Terrorism and sexual grooming is nothing to do with Masajid, Imams and Muslim schools. Those Muslim youths who have been involved in terrorism and sexual grooming are the product of western education system which makes a man stupid, selfish and corrupt. They find themselves cut off from their cultural heritage, literature and poetry. They suffer from identity crises and I blame British schooling.

The shocking level of targeting of the Muslim community of Birmingham is indicative of the normalisation of the dehumanisation of the Muslims of Britain. Under the pretext of "extremism", criminal undemocratic and unethical abuse of public institutions and the Muslims of the UK can occur without much accountability. This pervasive attitude, especially amongst officials like Michael Gove needs to change. Our schools are truly trying to develop our children to do well at schools so later in life they are able to stand on their own two feet, but if we stop our schools from doing this than our country will have up rise of unemployment, benefit issues, crime levels high, I think its time for you apologize and allow practitioners to do their job right.
IA
http;//www,londonschoolofislamics,org,uk

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getreal
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Joined: November 20th, 2008, 5:40 pm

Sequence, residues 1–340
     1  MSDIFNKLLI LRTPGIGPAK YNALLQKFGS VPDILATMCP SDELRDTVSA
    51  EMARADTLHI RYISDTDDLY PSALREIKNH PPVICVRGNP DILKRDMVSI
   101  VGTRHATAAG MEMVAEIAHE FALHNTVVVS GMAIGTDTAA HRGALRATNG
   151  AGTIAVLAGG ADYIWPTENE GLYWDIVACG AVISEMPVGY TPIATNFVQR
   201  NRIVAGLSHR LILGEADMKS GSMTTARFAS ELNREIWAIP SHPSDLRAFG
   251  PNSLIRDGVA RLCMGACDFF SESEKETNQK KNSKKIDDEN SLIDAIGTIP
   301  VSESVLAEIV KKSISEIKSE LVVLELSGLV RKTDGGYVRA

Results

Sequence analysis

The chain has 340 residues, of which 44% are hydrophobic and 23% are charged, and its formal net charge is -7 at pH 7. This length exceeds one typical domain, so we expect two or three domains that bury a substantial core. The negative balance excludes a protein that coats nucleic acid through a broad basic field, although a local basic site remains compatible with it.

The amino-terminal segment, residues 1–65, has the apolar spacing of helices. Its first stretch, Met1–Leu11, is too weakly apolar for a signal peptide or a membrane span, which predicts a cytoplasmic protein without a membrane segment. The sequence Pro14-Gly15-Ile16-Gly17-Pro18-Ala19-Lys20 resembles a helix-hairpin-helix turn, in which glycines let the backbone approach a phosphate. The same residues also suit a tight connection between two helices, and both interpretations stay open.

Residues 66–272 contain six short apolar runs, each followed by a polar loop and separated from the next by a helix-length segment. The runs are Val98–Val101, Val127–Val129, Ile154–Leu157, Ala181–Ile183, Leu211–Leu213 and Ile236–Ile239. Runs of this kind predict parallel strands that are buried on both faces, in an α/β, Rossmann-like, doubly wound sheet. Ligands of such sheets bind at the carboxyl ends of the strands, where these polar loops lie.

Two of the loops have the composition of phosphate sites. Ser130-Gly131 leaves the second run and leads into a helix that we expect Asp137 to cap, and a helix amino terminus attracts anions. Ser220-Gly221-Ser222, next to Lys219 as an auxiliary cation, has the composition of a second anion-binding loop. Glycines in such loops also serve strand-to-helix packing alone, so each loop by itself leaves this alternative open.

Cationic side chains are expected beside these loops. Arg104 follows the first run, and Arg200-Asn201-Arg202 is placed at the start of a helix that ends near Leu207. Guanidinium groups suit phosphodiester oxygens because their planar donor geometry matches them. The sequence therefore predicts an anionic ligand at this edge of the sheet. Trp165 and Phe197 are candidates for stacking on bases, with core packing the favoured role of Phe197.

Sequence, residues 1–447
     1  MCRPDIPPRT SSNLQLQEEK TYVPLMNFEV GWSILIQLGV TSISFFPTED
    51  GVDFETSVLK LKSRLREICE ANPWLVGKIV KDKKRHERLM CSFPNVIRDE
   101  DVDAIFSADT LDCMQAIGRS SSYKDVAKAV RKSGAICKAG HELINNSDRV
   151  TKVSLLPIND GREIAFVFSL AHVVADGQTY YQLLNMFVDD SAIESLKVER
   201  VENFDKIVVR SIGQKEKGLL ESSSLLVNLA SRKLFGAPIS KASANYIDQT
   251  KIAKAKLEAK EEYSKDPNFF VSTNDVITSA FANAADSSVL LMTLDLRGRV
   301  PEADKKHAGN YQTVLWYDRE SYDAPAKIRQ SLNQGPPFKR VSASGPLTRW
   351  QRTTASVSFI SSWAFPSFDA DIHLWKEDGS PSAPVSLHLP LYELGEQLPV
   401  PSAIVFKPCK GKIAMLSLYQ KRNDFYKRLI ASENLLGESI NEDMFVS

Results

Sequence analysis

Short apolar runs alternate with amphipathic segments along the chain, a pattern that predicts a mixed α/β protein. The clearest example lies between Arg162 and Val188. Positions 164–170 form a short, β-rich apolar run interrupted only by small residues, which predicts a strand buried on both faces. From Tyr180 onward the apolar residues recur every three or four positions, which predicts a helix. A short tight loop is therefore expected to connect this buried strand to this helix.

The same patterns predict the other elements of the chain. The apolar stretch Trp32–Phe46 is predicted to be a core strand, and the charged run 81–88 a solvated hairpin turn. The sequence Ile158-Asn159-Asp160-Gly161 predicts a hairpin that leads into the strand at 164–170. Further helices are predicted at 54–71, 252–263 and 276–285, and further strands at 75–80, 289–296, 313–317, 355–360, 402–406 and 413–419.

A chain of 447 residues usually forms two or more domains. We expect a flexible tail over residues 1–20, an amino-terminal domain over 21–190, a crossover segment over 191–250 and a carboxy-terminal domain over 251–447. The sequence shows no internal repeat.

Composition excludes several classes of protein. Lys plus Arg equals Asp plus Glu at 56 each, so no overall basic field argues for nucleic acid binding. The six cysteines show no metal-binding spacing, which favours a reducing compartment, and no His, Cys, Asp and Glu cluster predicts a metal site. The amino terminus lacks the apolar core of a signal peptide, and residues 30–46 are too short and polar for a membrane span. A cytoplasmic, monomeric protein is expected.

Re: Free Our Schools

#2 Postby getreal » December 29th, 2014, 10:09 pm

De javu.
"It's hard to put a leash on a dog once you've put a crown on his head"-Tyrion Lannister.

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Alan H
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Re: Free Our Schools

#3 Postby Alan H » December 29th, 2014, 10:32 pm

The same old zombie arguments, but at least he can't advertise his website.
Alan Henness

There are three fundamental questions for anyone advocating Brexit:

1. What, precisely, are the significant and tangible benefits of leaving the EU?
2. What damage to the UK and its citizens is an acceptable price to pay for those benefits?
3. Which ruling of the ECJ is most persuasive of the need to leave its jurisdiction?

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Dave B
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Re: Free Our Schools

#4 Postby Dave B » December 30th, 2014, 9:35 am

Alan H wrote:The same old zombie arguments, but at least he can't advertise his website.
Ah, I wondered about that since the link is visible - then I clicked on it for the first time.

:D

I know that there are circumstances where thumping the same tub and flooding the world with propaganda for years can work - but I doubt that this is so in this case.
"Look forward; yesterday was a lesson, if you did not learn from it you wasted it."
Me, 2015

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Alan H
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Joined: July 3rd, 2007, 10:26 pm

Re: Free Our Schools

#5 Postby Alan H » December 30th, 2014, 9:53 am

Dave B wrote:
Alan H wrote:The same old zombie arguments, but at least he can't advertise his website.
Ah, I wondered about that since the link is visible - then I clicked on it for the first time.
:wink: It won't get picked up by search engines, so does his website rating no favours at all. The same text everywhere will look like spamming to them.
Alan Henness

There are three fundamental questions for anyone advocating Brexit:

1. What, precisely, are the significant and tangible benefits of leaving the EU?
2. What damage to the UK and its citizens is an acceptable price to pay for those benefits?
3. Which ruling of the ECJ is most persuasive of the need to leave its jurisdiction?

User avatar
Alan H
Posts: 22265
Joined: July 3rd, 2007, 10:26 pm

Re: Free Our Schools

#6 Postby Alan H » January 1st, 2015, 5:18 pm